On 12/2/05, Michael Sinz <Michael.Sinz@sinz.org> wrote:
> How does making the heuristics actually figure out the "DWIM" action make
> script writing harder?
Well, the general principle is that, the more complicated the rules a
command follows in deciding what to do with its arguments, the harder
a script has to work to ensure it'll get a particular interpretation,
regardless of the arguments it's passing (which may have come from the
The classic example is a script trying to change the name of a file to
something provided by the user. If there is already a file with the
given name, you'd like to get an error. But if there is a directory
of that name, then 'mv' will move the file *into* the directory, which
isn't what you wanted.
Does that principle apply in our case? If a script takes a list of
filenames in a working directory and tries to find local changes, then
if the user happens to pass two arguments, one of which is a URL (as a
mistake), then Subversion will go off and do a remote diff between the
first and second arguments, instead of comparing each file with its
base. Who knows what the script will do with that.
Sure, it's the responsibility of the script to check every filename
argument to see if it starts with some Subversion scheme (http:,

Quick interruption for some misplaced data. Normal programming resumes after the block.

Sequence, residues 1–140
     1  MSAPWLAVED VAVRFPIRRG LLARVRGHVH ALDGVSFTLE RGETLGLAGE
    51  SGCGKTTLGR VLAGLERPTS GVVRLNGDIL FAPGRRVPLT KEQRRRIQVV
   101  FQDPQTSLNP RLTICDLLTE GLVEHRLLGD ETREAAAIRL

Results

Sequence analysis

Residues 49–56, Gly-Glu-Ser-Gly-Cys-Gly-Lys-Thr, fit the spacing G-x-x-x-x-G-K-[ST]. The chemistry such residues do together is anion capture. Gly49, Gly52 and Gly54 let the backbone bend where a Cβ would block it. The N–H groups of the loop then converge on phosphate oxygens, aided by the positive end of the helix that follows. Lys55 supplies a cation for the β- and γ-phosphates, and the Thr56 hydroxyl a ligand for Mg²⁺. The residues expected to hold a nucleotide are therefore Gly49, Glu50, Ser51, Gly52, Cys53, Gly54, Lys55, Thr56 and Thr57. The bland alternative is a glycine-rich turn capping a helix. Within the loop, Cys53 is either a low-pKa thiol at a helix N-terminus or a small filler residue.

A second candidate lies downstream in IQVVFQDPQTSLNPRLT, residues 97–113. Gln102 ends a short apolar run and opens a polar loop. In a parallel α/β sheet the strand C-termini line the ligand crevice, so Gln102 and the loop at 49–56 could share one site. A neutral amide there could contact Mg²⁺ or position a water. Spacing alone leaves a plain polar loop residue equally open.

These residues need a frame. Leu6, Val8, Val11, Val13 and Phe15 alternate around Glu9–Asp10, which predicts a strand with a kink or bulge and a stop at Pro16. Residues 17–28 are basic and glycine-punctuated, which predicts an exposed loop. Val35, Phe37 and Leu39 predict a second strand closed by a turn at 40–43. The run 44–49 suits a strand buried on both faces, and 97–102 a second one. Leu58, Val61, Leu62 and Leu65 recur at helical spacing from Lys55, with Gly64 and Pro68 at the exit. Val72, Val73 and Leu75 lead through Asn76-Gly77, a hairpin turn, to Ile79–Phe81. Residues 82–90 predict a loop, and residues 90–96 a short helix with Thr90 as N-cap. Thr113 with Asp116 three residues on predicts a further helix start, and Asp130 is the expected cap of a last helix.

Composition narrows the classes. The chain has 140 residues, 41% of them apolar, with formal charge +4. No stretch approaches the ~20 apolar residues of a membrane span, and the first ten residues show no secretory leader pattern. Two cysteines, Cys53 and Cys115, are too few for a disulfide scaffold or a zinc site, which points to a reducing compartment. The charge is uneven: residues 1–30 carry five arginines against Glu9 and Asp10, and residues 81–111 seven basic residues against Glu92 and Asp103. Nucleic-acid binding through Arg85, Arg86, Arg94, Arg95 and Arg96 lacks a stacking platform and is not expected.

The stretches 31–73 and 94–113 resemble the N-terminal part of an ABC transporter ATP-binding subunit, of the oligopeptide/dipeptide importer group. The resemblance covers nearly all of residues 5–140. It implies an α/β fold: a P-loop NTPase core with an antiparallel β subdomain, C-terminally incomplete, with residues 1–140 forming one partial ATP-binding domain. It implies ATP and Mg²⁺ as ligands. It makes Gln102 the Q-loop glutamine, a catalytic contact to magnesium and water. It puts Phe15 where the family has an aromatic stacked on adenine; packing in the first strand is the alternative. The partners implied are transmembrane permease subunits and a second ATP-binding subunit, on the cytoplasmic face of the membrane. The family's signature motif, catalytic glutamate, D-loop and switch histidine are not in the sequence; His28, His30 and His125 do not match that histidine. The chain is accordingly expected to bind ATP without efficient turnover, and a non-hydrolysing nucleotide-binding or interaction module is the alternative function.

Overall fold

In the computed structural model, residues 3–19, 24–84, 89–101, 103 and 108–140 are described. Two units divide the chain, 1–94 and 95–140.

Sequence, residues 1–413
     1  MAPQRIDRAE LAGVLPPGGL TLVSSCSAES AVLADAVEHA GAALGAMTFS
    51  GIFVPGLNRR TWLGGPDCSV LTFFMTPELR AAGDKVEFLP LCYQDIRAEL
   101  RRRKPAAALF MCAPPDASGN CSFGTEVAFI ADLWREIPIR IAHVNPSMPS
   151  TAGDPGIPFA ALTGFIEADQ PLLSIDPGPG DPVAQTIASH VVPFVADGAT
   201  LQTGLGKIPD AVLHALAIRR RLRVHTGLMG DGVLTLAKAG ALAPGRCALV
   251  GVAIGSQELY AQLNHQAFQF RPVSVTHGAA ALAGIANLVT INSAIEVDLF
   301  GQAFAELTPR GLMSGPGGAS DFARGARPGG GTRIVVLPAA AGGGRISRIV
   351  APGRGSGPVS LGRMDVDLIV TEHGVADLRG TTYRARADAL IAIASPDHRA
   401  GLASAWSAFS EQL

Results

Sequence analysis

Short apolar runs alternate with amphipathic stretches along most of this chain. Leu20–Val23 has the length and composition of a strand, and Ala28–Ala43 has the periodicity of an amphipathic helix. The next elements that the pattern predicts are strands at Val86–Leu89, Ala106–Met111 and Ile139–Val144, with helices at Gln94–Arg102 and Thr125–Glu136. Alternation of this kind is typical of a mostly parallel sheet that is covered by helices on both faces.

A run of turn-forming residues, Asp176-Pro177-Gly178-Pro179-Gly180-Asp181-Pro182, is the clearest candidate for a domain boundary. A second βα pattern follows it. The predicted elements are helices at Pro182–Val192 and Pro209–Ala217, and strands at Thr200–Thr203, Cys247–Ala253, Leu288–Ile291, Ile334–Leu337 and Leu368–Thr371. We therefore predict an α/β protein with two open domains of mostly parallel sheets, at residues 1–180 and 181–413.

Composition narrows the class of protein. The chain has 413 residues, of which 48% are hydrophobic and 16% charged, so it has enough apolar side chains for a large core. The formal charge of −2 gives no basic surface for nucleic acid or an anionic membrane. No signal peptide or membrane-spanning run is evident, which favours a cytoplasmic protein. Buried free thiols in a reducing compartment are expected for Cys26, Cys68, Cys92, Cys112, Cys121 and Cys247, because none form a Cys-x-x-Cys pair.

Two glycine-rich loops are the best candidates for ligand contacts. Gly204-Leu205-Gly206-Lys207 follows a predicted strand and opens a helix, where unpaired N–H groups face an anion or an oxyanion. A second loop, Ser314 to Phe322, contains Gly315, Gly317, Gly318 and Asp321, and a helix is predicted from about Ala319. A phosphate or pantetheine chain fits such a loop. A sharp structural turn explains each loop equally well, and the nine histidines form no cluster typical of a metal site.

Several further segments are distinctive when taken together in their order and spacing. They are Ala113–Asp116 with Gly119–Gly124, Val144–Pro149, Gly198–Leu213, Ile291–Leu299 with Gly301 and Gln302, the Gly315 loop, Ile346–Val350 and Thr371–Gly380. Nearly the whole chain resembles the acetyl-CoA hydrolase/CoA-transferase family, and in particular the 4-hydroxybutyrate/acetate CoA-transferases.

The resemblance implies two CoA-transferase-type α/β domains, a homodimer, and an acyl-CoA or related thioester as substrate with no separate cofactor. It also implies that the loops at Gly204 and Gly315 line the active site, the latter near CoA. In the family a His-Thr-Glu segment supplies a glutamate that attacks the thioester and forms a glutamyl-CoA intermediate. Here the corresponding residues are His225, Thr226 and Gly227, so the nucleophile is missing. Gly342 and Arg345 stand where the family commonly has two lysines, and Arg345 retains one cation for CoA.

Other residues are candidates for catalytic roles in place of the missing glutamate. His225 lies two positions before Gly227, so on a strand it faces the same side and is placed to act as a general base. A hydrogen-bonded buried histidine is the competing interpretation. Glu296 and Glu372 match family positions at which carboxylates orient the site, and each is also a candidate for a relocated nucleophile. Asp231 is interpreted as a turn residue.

https:, svn:, svn+ssh), but really, who's going to bother, or even
remember, to do that?
Put another way, the problem with DWIM is that the behavior often
depends on the exact arguments, whereas scripts often pass the values
of variables or $(command substitutions). So which command you get
depends on the values of the parameters, which you don't have direct
Tendentious or not, that's my argument.
I think its weak point is that behavior like mv's has been acceptable
--- and convenient --- for millions of Unix users for decades, and the
script problems aren't something that you hear much about. Of course,
this is because the bugs get blamed on the scripts' authors, not on
the command; but I think that's misplaced.
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Received on Sat Dec 3 01:42:41 2005